Bingo. Imagine a ping-pong ball in a can. Except the ball is a human being - thrown into the van walls and floor with such force that permanent injury can result. At least two Philadelphians, in fact, have been permanently paralyzed after getting the so-called nickel ride treatment, and at least 18 others have been seriously injured.
And those are only the cases - likely a fraction of the total - culled from records by Inquirer reporters Nancy Phillips and Rose Ciotta.
As documented in their three-part series this week, the Philadelphia Police Department's shocking record on patrol-wagon punishment seems like something out of a totalitarian regime.
In Chile they used to torture you for being in the wrong political party. In Philadelphia, all it takes is some public drunkenness or maybe just an argument with police.
Gino Thompson's "crime" was a drunken argument with a girlfriend over a set of keys. One wild patrol wagon ride later, he is paralyzed from the waist down.
And consider Carlice Harris, the middle-aged Baptist minister who - on her way to delivering a sermon one Sunday in 1999 - stopped to demand the badge number of an officer she said was kicking a male suspect being held on the ground.
So police handcuffed the pastor, put her in a van, and took her for a ride. "It was a very rough ride," said the Rev. Harris, who suffered injuries to her face, knee and wrists. She collected $22,500 in damages from the city.
In all, the city has paid out $2.3 million in legal settlements stemming from "nickel rides."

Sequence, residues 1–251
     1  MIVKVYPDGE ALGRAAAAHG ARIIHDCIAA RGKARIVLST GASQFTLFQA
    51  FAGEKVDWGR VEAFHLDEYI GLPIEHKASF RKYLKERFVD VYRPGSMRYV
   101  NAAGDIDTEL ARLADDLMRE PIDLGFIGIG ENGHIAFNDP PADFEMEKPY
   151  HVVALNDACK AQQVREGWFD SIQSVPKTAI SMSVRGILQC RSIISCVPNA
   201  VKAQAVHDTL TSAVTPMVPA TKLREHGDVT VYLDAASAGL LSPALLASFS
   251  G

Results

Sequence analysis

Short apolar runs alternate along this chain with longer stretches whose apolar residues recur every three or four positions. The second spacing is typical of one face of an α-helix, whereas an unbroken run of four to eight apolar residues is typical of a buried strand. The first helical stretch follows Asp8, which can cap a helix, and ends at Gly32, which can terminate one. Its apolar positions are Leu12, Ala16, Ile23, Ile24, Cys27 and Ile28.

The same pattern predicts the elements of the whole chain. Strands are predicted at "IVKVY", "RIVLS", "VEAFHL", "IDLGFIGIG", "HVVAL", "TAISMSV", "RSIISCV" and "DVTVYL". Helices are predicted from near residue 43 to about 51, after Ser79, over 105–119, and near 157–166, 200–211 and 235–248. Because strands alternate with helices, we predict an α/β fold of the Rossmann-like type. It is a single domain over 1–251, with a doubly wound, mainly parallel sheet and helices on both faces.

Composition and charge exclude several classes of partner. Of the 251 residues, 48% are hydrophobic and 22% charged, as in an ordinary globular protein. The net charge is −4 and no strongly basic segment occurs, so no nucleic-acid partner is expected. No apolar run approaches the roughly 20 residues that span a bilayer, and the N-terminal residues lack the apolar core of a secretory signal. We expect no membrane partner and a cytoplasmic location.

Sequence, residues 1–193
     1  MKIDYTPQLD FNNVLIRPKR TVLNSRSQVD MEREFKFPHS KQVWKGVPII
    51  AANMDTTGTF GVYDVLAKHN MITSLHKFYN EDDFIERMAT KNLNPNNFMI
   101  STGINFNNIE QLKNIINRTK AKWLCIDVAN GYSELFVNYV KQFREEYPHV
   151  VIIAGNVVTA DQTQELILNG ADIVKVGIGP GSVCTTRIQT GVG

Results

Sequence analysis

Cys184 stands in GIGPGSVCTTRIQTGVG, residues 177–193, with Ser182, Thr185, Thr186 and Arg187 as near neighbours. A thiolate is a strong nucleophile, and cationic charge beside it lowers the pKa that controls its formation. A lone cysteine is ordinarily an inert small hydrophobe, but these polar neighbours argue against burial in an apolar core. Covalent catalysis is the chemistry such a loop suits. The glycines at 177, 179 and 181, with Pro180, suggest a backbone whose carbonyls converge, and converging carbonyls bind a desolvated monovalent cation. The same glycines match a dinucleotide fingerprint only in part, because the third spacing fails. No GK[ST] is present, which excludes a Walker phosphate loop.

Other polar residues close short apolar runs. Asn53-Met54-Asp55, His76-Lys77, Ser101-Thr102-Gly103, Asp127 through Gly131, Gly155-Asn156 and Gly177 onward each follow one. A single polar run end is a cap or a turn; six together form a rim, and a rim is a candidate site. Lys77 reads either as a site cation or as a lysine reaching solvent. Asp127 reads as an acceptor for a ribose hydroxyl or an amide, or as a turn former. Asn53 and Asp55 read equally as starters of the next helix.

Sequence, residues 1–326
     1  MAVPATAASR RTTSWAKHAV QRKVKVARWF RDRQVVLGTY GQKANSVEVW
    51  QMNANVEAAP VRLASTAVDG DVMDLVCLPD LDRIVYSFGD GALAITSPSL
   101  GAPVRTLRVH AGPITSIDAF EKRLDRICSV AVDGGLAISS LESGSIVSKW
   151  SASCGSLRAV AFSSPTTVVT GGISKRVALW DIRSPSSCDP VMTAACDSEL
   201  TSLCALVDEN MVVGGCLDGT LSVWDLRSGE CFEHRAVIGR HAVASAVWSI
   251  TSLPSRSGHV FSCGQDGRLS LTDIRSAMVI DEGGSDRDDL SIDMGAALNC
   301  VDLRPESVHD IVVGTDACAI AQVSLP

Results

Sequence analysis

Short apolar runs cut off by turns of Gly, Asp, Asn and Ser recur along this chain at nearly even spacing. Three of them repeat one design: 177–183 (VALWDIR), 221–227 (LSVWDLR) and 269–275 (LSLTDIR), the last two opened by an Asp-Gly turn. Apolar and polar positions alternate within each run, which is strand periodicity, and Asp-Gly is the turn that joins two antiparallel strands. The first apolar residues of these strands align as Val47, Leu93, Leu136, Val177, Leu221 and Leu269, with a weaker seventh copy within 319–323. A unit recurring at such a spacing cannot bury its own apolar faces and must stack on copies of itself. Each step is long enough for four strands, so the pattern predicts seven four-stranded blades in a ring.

Police Commissioner John F. Timoney says the department is doing its utmost to buy safer new vans fitted with seat belts and foam padding or to retrofit old vans. (That process speeded up after the reporters started their investigation.)
Mr. Timoney says that police van punishment "if it does exist - certainly isn't condoned by myself or anybody else in this department."
How can he be sure, though, since his own Internal Affairs bureau is clueless about most of the incidents?
The number of police disciplined for meting out this form of brutality: None. Hey, it's just so easy to claim you had to hit the brakes to avoid hitting a cat.
Police should stop using vans to transport an individual suspect. Patrol cars work just as well. When vans are used, they should include cameras installed in the back.
Again, Philadelphia's police need a civics lesson: This is America, where punishment is supposed to be meted out in court, not by police on the sly.